Nutrition, Fitness, and Wellness articles for busy women who want to lead a healthy, fulfilled life they love.
There aren’t many universal truths, but here’s one: Every household has a handful of go-to, standard meals. Even folks who love to cook and explore new dishes undoubtedly have standby meals that they make again and again . . . and again.
Knowing your favorites is great as far as simplicity and time-saving are concerned! Sometimes though, you really just want to try something new. Especially right now—when we’re all social distancing, stuck at home, and possibly experiencing issues obtaining the foods we’re used to having access to—mealtime can be a great opportunity to add a little variety in our everyday lives.
Trying new foods and new meals might sound intimidating, but never fear! As a busy working mom who loves eating good food way more than cooking it, I’d never steer you into the waters of impractical dishes or evening-long cooking marathons. You and your family can experiment with new flavors without risking your time or your grocery budget. Here’s how.
At the time this blog is being published, our world is in the early stages of navigating life with Covid-19. For most of us, this means we’re trying not to go out for groceries quite as often, and that our choices at the store might be limited. That’s why the first step to creating more variety in your meal plan is to reexamine the food you already have in your refrigerator, freezer, and pantry.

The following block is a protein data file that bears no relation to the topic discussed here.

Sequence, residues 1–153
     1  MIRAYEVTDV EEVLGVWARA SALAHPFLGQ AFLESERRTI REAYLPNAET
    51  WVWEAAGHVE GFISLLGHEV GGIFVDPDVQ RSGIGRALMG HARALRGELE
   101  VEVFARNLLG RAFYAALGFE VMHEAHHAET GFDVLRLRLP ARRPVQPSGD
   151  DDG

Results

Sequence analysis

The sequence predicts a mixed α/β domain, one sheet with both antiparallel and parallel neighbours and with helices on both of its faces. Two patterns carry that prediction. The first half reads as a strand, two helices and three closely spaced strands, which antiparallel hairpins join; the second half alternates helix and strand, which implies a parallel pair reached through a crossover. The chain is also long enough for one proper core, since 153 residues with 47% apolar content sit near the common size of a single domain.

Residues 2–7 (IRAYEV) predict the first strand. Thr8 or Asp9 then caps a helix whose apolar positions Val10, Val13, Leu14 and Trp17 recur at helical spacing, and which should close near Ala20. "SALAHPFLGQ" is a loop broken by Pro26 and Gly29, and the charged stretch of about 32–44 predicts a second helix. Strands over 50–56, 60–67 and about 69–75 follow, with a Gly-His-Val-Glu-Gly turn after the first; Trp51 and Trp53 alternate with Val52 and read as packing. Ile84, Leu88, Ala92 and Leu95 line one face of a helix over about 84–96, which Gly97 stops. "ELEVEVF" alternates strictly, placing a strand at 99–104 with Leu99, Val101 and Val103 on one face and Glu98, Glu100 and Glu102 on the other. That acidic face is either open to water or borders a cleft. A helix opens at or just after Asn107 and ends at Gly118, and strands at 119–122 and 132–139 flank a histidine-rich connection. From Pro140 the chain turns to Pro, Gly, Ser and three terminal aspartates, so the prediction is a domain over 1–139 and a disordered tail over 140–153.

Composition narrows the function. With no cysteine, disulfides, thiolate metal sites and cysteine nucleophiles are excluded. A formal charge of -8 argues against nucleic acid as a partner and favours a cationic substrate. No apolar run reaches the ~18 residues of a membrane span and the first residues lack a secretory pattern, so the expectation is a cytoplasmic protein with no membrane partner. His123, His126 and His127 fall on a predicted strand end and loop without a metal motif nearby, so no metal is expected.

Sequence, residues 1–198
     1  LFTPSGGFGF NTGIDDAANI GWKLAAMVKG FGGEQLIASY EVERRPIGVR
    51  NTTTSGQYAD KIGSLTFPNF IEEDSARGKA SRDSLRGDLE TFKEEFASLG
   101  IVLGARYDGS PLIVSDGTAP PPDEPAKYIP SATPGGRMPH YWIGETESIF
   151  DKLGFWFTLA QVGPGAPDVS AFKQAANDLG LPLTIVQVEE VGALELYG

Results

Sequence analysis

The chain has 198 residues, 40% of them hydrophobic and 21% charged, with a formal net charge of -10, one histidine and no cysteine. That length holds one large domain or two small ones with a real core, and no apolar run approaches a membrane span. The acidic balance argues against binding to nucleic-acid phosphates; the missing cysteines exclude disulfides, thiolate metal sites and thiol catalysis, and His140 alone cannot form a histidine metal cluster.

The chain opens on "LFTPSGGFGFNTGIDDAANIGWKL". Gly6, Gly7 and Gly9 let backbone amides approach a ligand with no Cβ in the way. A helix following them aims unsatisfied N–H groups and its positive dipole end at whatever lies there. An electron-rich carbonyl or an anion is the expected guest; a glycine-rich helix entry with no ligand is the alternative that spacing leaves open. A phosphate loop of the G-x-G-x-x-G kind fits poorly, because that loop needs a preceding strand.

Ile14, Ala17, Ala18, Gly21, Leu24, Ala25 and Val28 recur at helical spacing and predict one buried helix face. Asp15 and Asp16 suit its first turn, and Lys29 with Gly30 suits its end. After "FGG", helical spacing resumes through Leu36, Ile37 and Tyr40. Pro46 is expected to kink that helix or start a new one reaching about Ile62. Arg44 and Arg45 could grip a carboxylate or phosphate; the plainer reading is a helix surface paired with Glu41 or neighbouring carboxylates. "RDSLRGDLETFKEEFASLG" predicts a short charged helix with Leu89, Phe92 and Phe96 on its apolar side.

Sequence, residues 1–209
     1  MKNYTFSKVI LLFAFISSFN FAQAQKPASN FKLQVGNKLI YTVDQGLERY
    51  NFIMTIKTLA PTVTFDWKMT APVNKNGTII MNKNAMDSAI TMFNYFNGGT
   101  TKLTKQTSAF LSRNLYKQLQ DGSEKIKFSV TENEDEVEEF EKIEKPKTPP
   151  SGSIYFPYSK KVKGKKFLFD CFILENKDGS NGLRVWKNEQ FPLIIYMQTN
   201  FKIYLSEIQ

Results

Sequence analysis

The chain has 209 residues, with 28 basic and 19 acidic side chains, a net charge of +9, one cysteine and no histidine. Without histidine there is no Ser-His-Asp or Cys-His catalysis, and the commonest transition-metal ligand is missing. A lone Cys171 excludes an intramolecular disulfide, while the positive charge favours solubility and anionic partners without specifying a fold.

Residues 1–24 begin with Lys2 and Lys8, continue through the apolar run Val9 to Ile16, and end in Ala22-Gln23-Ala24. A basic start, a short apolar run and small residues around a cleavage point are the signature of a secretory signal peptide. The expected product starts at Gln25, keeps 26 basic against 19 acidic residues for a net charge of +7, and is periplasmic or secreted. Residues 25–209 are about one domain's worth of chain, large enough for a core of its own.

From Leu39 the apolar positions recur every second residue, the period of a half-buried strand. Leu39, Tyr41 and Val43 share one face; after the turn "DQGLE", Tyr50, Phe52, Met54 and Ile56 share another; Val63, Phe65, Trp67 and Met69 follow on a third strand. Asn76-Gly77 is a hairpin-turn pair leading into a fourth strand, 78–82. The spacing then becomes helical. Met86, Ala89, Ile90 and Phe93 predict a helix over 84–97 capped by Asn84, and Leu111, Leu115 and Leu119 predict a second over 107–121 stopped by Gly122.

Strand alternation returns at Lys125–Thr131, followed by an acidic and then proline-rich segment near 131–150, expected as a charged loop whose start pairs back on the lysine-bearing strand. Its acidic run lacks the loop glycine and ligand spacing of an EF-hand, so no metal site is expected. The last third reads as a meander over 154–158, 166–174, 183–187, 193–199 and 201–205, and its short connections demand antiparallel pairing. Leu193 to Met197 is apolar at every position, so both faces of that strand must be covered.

Protein in particular can be particularly diverse. For example, did you know there are several dozen ways to prepare chicken? And that’s one only type of protein.
In our house, we’re part of a fish ‘CSA’—we get fresh, local seafood delivered straight to our house each week. Last week, we got sole, which I promptly braised in some lemon and butter and stuck in the refrigerator. Now, my first two dinners were easy. On night one, I just had the fish with some veggies. On night two, I had it on some salad. By night three though, I was feeling a little bored with the sole. So on night three, I sauteed some leftover bok choy, prepared some quinoa pasta, added some spicy tomatillo sauce, and of course tied it all together with the sole. It was a super flavorful, easy, balanced, and unique dinner.
If you’ve found an ingredient you’re interested in using (for me it was sole, maybe for you it’s chicken, another type of fish, or tofu), think about different sauces and spices you could add to change things up a bit. Using my earlier example of chicken, you could decide to cook:
Chicken parm with basil and marinara
Chicken tikka masala
Grilled lemon chicken with veggies
Pulled, BBQ-style chicken
Fettuccine alfredo with chicken strips
Cubed chicken with turmeric and quinoa
Homemade chicken soup
. . . And that’s just to name a few options off the cuff! If you’re drawing a blank, the internet is your friend. Just check out Pinterest for inspiration.
If you typically hit one grocery store and call it done, consider looking to other or multiple suppliers for your foods. My family loves checking out local markets (or in the state of current events, ordering curb-side pickup from local markets) to take advantage of whatever fresh, local fruits and veggies happen to be available.
Eating a more local, seasonal diet will help you naturally start to incorporate more variety because your produce options will shift with the weather as you move through the year. Plus, buying a type of food you might not normally look for at the grocery store and then planning your meal around it can be a fun way to challenge yourself to try new recipes!
Hopefully these tips have given you some ideas around how you can freshen up your menu this week!
For more food, nutrition, and health-related tips, tricks, and advice, join me over in my free Facebook community, Never Diet Again! We’re a group for business women and female entrepreneurs who want to “have it all” without needing to have 26+ hours in a day to make it happen . . . and we’d love to have you!